Fine-tuning Florida's defense over with top-ranked Alabama coming to town

Graham Hall
Special to The Sun
Florida linebacker Jeremiah Moon (7) sacks South Florida quarterback Cade Fortin (6) on Saturday at Raymond James Stadium in Tampa.

TAMPA — The ongoing dual-quarterback system may not be a distraction for the program, but it has kept the microscope off of Florida’s defense, which entered the 2021 season eager to improve on last year's so-so campaign. 

The Gators’ defense left Saturday's 42-20 win over USF feeling bullish on its prospects following the final tune-up before conference play. 

“I think we played well. I think it really just came down to being detailed in what we were doing, giving up a couple of plays here and there,” sixth-year UF senior Jeremiah Moon said. “I think we really got to lock in and focus on those details and I think we’ll be ready (for Alabama).”

It wasn’t a complete game, but that was never the plan. 

The Gators departed Gainesville with intentions of getting the reserves some valuable game experience, and that plan came to fruition in the second half after Florida built a 32-point lead by the midpoint. 

The gap between the teams allowed multiple Gators to make impacts, some for the first time; the highly touted Diwun Black recorded two tackles, his first bits of meaningful action with the program, and true freshmen Jason Marshall, Desmond Watson and Mordecai McDaniel all showed up on the stat sheet, even if their performances left some to be desired.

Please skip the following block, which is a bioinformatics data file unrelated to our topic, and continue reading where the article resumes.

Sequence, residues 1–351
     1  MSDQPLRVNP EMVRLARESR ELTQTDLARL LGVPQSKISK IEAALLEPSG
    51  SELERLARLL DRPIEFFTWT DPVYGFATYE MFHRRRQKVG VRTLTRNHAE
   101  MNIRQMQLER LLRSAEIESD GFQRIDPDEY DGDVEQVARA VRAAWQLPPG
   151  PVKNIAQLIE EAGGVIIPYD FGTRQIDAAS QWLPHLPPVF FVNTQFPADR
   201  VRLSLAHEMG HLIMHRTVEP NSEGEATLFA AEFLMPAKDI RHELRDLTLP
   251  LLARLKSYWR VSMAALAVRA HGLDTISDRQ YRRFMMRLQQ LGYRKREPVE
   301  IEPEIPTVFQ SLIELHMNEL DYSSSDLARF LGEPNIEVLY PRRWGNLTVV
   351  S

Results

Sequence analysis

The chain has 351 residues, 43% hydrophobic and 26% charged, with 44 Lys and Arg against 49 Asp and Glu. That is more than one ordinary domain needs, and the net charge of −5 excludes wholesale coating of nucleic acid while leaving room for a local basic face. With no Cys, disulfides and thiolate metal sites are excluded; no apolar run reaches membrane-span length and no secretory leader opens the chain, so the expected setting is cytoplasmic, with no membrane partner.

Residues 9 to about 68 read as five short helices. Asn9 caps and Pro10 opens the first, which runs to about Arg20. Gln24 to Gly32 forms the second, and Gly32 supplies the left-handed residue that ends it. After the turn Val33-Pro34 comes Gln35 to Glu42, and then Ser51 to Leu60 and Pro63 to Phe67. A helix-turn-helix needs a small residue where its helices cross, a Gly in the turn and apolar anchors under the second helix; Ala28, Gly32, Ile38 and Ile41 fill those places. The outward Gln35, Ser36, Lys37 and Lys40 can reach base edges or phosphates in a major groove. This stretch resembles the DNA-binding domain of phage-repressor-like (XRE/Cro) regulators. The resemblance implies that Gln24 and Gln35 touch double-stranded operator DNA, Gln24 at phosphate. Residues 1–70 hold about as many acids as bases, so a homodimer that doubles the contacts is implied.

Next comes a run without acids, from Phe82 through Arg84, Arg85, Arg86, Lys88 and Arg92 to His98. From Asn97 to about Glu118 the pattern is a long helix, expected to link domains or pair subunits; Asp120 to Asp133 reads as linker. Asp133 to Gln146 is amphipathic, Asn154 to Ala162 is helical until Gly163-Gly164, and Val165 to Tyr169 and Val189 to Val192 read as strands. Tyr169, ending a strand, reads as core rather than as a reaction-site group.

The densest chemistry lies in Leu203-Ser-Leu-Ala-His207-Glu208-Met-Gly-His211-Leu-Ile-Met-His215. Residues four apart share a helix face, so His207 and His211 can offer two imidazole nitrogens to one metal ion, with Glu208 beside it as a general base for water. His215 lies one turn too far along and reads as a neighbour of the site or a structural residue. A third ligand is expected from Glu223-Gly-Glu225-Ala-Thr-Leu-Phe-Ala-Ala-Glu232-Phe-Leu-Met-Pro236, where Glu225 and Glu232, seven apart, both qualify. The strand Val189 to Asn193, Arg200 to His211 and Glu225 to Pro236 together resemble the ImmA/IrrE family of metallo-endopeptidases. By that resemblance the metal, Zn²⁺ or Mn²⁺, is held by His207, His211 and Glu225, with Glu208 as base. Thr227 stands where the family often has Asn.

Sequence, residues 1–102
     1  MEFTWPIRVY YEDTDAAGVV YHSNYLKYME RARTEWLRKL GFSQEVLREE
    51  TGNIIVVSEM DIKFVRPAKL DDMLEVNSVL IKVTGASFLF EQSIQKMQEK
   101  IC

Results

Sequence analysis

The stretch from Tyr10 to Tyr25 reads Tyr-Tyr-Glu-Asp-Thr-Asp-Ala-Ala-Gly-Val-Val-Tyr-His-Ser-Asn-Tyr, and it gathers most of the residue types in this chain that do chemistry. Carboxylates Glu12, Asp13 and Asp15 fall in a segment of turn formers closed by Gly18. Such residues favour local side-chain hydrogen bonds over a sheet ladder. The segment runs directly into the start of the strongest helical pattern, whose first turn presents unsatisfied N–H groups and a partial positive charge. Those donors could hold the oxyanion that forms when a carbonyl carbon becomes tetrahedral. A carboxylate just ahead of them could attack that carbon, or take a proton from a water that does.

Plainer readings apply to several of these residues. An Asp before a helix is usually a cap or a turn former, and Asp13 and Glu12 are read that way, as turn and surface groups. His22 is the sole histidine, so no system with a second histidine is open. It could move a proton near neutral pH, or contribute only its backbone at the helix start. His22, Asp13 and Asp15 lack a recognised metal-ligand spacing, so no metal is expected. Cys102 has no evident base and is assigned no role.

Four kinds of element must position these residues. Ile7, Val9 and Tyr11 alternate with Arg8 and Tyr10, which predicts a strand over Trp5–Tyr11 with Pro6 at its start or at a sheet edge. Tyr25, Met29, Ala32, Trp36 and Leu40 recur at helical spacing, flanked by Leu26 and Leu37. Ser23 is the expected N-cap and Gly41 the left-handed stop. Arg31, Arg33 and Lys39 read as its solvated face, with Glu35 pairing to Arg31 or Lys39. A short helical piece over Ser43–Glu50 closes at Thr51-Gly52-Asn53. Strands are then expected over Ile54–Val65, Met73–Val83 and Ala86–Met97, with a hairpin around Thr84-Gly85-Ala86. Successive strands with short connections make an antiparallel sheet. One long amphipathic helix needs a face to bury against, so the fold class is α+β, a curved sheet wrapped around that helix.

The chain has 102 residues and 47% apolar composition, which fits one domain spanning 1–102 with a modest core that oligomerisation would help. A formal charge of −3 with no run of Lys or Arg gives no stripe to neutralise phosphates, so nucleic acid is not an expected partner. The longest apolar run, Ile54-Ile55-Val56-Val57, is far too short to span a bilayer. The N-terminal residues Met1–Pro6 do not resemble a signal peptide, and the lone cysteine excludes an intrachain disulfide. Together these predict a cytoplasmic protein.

For many Gators on the roster, Saturday’s game was another step in the development process rather than an attempt to achieve perfection.

Though UF was ultimately outscored 17-7 in the second half by the Bulls while allowing 140 yards of offense, the Florida defense departed Tampa feeling optimistic about the current rate of improvement. 

The Gators believe they have all the ingredients. Now, with a visit from the top-ranked Crimson Tide looming, the time is nigh to combine them. 

“I didn’t think we played terrible. I mean, we gave up some points toward the end of the game, but that’s what I mean by we need to be more detailed,” Moon said, before listing areas the Gators can build on. “Just having our eyes right, and just being physical at the point of attack, and then I think everything will take care of itself.”

Though just voicing the desire to improve isn’t worth a plug-nickel — the Gators know they must take what they’ve learned from the second-half mediocrity and use it to their benefit. 

Otherwise, it’s no secret the issues of the first two weeks could be the team’s ruination. 

“Everything, we can improve on everything,” UF coach Dan Mullen said. “We played pretty solid defense in the first half. We had the one drive that I wasn’t real pleased with in the first half. Second half we came out in some situations, made some stops, made some mistakes defensively at the end of the game.

“Overall, do I like our attitude, our energy, our effort of what we played with? Yes. Did our guys take care of what they needed to, to win the game? Yes. Do we need to get a lot better? Yes.”